On May 1, 1947 Bureau of Customs has its head the Insular Collector of Customs.

Executive Order No. 94 of Republic Act No. 52, the President of the Philippines reorganized the different departments, bureaus, offices and agencies of the government of the Republic of the Philippines. On July 1, 1947, the Insular Collector of Customs was changed to Collector of Customs for the Port of Manila.
In 1957, Tariff and Customs Code of the Philippines known as Republic Act No. 1937, also known as "Tariff Law of the Republic of the Philippines". This took effect on July 1, 1957. The Laurel-Langley Agreement, became the first official expression of an autonomous Philippine Tariff Policy.
Before the passage of Republic Act 1937, all importations from the United States enjoyed full exemptions pursuant to the Tariff Act No. 1902 which was adopted by Republic Act No. 3 as the Tariff Laws of the Philippines.

On February 4, 1965, the Bureau of Customs was reorganized pursuant to Customs Administrative Order No. 4-65 bye authority Sec. 550 & 551 of the Revised Administrative Code of Republic Act 4164. These Department were the ff: Public Relations, Personnel, Legal, Administrative Service, Budger and Finance, and the Management Improvement. 3 Rankings Customs positions were created Assistant Commissioner for Revenue, Assistant Commissioner for Security, and Director for Operations.
Customs Administration Ordre No. 4065 was abolished the position of Assistant Commisioner for Security and creating the position of Director for Administration.
In 1972, Congress passed the law revising the Tariff & Customs Code of the Philippines. The President of the Republic of the Philippines issued Proclamation No. 1081 on September 21m 1972 declaring Martial Law.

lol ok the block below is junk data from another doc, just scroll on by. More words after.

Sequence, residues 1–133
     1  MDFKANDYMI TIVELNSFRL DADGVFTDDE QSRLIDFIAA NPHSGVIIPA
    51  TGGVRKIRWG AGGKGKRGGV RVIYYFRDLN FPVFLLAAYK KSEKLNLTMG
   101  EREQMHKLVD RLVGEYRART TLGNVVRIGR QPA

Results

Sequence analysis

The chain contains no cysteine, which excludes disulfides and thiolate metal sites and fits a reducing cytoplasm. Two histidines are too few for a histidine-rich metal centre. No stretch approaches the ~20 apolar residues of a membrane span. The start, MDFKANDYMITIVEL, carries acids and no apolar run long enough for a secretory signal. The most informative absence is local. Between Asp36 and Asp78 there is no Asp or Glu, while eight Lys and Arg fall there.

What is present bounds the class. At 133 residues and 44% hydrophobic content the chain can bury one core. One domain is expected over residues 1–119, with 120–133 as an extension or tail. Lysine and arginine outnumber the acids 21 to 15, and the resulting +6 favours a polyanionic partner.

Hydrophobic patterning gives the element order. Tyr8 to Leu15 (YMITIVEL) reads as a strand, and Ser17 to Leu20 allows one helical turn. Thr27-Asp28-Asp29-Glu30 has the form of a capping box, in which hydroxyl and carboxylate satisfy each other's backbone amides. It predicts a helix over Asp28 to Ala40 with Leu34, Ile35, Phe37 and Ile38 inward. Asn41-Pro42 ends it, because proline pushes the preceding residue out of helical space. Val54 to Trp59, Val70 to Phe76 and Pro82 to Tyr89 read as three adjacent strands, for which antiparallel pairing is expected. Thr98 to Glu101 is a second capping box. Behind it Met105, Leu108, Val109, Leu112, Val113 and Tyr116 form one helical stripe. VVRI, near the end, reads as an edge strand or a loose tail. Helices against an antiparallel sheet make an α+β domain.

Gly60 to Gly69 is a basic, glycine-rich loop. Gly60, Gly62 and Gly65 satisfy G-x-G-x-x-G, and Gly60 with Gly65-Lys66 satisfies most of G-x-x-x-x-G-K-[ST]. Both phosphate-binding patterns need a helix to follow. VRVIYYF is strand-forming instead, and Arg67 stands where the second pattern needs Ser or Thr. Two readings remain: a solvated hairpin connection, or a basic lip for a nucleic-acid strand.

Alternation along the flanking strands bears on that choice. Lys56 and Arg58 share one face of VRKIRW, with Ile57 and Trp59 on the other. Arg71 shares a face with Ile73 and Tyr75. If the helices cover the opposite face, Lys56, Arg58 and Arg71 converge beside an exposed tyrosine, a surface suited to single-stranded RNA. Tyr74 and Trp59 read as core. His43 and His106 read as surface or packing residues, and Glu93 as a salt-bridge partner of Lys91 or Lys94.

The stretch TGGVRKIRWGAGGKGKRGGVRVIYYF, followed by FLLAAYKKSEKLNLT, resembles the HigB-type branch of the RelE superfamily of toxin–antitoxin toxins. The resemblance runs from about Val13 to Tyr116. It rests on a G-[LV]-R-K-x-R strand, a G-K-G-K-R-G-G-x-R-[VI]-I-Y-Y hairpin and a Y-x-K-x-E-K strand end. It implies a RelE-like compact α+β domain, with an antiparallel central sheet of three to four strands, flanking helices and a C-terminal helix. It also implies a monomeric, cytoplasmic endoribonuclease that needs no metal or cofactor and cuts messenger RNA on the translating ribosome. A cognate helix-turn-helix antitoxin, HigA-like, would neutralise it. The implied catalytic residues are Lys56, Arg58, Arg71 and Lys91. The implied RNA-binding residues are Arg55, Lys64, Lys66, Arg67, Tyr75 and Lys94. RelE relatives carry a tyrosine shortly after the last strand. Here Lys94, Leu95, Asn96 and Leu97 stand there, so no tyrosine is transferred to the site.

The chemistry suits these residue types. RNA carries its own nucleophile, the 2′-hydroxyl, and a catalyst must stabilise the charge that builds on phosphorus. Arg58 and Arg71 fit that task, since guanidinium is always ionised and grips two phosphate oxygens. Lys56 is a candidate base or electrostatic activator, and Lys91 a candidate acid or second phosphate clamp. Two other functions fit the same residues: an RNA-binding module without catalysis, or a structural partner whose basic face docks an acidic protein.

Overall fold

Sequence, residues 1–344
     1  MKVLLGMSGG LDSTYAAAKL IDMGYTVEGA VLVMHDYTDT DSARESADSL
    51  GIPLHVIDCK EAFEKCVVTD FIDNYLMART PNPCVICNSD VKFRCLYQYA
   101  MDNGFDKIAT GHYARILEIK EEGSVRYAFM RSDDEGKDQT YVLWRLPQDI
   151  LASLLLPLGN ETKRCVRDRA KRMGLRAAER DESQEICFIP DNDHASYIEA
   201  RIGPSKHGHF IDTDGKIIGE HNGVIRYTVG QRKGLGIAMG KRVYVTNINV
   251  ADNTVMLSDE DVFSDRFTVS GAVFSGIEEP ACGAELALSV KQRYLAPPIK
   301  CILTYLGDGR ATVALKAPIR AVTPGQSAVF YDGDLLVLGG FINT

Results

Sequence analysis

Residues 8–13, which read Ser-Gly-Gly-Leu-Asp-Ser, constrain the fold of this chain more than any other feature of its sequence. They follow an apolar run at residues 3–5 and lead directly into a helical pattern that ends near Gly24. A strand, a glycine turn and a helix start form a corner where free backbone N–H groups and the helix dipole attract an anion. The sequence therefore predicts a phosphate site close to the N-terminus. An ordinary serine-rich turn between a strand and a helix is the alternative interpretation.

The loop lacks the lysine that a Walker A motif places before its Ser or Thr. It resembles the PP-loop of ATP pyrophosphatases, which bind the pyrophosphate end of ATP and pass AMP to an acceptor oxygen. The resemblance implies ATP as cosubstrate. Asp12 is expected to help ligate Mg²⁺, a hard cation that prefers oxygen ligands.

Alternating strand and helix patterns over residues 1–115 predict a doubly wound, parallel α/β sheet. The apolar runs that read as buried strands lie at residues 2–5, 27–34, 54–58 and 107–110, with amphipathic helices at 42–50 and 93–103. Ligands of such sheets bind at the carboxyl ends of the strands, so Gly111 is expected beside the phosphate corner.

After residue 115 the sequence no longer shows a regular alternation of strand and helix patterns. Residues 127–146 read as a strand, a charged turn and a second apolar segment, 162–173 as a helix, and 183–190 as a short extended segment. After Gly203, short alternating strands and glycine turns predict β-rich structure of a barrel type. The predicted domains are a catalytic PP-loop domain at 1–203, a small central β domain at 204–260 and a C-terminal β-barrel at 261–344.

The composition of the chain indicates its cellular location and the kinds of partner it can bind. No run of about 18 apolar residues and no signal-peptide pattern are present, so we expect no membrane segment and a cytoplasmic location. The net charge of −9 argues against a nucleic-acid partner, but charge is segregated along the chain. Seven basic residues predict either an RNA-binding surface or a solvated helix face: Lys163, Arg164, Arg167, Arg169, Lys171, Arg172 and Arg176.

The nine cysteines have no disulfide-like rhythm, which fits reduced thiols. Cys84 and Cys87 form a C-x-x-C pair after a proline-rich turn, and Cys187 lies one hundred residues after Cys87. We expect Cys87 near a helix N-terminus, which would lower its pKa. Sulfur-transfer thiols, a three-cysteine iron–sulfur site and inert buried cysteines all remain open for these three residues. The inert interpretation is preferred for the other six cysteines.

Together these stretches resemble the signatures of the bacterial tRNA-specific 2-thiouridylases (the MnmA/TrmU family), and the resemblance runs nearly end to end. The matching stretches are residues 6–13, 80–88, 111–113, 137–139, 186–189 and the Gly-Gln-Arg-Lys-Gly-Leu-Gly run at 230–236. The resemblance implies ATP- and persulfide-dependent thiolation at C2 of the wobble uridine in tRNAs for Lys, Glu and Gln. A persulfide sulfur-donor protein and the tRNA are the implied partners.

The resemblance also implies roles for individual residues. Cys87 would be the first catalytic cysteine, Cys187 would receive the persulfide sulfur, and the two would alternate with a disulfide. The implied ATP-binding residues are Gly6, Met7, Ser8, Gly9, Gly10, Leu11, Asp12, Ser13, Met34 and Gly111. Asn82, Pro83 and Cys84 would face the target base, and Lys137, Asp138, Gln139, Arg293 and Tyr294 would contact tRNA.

On October 27, 1972, President Ferdinand E. Marcos signed Presidential Decree No. 34 amending the Tariff & Customs Code of the Philippines.The new code effect Nov. 26, 1972 except Sec 104 was effect on Jan. 1, 1973.
Another reorganization of the Bureau of Customs took effect on September 24, 1972, Presidential Decree No. 1 creating 6 Customs Services under the Office of the Commissioner and the 12 collection districts with the Principal Ports and Sub-ports of entry under the Principal Port of Entry.
In 1975, Presidential Decree No. 689 has the Organizational Chart.
On June 11, 1978, Tariff & Customs Code amended. The new Code was embodied in Presidential Decree No. 1464.
Tariff & Customs Code of 1982, revised by virtue of Executive Order No. 688. Customs Code under P.D. 1628 & 1980 reprints of the tariff under the General Agreement on Tariff Multilateral Agreement Negotiations in EO No. 1980, granted to ASEAN member countries in EO from 1978-1981.
The last major reorganization took in 1986 after EDSA REVOLUTION issuance EO No. 127.
The creation of the Management Information System and Technology Group under Deputy Commissioner with 92 positions under EO No. 463 on Jan. 9, 1998.